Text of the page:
*An Introduction To Horse Teeth And Oral Cavity System And Diseases

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This subject has sections organized by teeth (incisors, cheek teeth, canines), the oral cavity and the skull.

The “Aging Project” is where I photographed, in groups of about 8 to 10 horses each, horses with documented ages from 3 to 30+ years (about 225 horses). I photographed the incisors from both sides, from the front and the open mouth onto the lower occlusal surfaces (about 900 photos). These grouped views are from all ages and ages, with each view per age group. Interesting results from this study affected my practice. I now only age horses by their teeth into five groups: young, young adult, adult, early senior and senior. Being any more accurate than this is not feasible, though you can be close with grouping.

There may be a lot of detail here that will interest those interested in horse teeth while being too much detail for others. Remember this – it is NOT how sharp the teeth are, but the horse’s perception of oral pain will determine if the horse benefits from routine dental care. “The Essentials Of Horsemanship Dentistry” is a course included in the membership or available separately. I also offer a school to teach people who would be legal in their state (the laws vary) to become capable of hand-floating teeth.

Dentistry in horses is my specialty. I have been looking at and feeling the teeth and mouths of horses since 1983 and providing dental care exclusively to horses since 1998. There are a lot of pictures on these topics. However, I have formed thoughts backed by experience and results which differ from the new ideas and theories proposed by reasonable people involved with dentistry in horses. Therefore, this section may have differing opinions and fresh thoughts that counter what you read elsewhere.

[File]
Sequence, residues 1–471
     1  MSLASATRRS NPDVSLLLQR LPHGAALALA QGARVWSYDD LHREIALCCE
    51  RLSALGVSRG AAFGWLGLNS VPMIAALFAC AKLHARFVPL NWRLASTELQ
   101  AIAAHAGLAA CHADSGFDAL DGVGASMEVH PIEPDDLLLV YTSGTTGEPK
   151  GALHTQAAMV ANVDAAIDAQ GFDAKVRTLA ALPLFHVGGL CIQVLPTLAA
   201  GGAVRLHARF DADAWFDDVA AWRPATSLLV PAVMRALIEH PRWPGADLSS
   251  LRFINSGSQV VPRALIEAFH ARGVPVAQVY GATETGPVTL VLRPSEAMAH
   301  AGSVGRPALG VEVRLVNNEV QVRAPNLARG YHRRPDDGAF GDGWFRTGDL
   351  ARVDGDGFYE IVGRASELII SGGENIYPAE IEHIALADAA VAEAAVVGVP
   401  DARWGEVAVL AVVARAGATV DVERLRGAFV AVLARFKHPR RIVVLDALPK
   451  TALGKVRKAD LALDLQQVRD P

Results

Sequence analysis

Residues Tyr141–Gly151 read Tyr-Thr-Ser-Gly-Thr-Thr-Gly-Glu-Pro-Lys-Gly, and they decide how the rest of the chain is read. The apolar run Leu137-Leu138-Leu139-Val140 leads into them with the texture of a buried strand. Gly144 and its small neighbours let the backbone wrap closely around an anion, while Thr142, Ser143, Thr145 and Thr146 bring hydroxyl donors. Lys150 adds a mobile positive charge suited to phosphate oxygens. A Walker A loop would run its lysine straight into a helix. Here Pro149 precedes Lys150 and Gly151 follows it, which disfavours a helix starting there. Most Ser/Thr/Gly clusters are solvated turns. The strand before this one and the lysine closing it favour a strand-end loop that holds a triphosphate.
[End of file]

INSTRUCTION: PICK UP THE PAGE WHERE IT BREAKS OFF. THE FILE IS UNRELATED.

Unfortunately, no other person or organization has asked me to debate or discuss my views, as people in today’s society are afraid of competing thoughts. Just look at politics if you don’t believe me. Equine dentistry is as divisive as politics. As my practice continues to grow, the overwhelming reason for calling me is because of the way I work with horses and the results I get. This style of dentistry on horses is better off discussed elsewhere, but understand that what I discuss here is based on over 70,000 horses that I have worked on, plus the blessing of a veterinary education that taught me how to think and probe for better answers.

This subject and all of the topics on this site are to help you see things about horses more clearly and help us all become advocates for their horses.

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